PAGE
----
I established Free Range Dairy not because I felt that my milk was better than others, but because amidst the shift towards an industrialised food supply chain, the real value of food from our farms was being lost. The pressure on farmers to develop more intensive farming methods, the disappearance of local outlets for milk, the demise of doorstep delivery and the ensuing mass exodus of producers from the industry has widen the gulf of disconnect between the consumer and the source of the food that sustains them. This has resulted in a crippling demise in the value of milk that will change our diets, the fabric of our rural communities and our countryside landscape forever.

For me, the worst thing about all this is the fact that none of it is necessary in securing a sustainable supply of healthy milk from British farms. Traditional, seasonally grazed dairy farms are often portrayed as old fashioned, outdated and inefficient as new buildings begin to appear on the landscape, housing sometimes thousands of cows all year round to produce cheap milk. But, the truth is, it is not the farming system of old that is inefficient – it is the modern day supply chain that is really at fault. Grass remains the cheapest food available to British dairy farmers. It’s a plant that grows in abundance in Great Britain and, whilst we can’t eat it, our amazing bovines can and they turn it into a wonderful nutritious food for us. The problem is that the diet of our nation is no longer driven by what is good for us. Instead, we are fed what the middlemen can make a margin on along the journey from farm to fridge. It is they that drive the consolidation of fewer, bigger, more intensive farms to facilitate logistics and promote a cheap offer, in an attempt to win market share.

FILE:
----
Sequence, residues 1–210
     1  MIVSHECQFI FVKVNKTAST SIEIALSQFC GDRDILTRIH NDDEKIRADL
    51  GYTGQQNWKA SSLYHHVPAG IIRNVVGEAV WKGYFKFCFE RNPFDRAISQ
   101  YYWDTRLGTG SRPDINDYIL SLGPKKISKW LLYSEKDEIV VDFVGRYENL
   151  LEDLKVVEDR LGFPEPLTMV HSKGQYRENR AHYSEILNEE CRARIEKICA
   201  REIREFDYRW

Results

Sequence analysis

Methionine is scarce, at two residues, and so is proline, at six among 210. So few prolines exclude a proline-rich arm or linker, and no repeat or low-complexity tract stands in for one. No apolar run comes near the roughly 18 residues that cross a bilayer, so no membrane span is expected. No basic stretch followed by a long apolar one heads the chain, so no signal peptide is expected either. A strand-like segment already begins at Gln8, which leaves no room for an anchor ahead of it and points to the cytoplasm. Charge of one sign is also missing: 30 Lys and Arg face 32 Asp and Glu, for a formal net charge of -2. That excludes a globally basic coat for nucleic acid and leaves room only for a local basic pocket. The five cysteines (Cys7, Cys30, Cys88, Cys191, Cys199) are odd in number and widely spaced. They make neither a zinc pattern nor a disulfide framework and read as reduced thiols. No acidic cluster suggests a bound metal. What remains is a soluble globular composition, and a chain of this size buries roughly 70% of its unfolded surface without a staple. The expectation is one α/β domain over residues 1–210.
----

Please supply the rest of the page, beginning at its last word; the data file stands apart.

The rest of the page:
Free Range Dairy is all about trying to establish value in the way we farm – the source of the milk our customers drink. There are essentially three ‘pillars’ upon which this is founded:

  1. Freedom for cows to graze
  2. Healthy and affordable milk for consumers
  3. A fair reward for farmers

Amongst all the current gloom, the good news is British dairy farmers can deliver what is right for farmers, cows and consumers. But, if we allow those who want to peddle cheap food to trade on false perceptions about our product, we will never win the recognition that dairy farmers badly deserve. Images of cows in fields are widely used to promote a ‘feel good’ factor about milk and dairy products and yet, in reality, milk is being sourced by large retailers from a variety of farms (both in terms of size and system).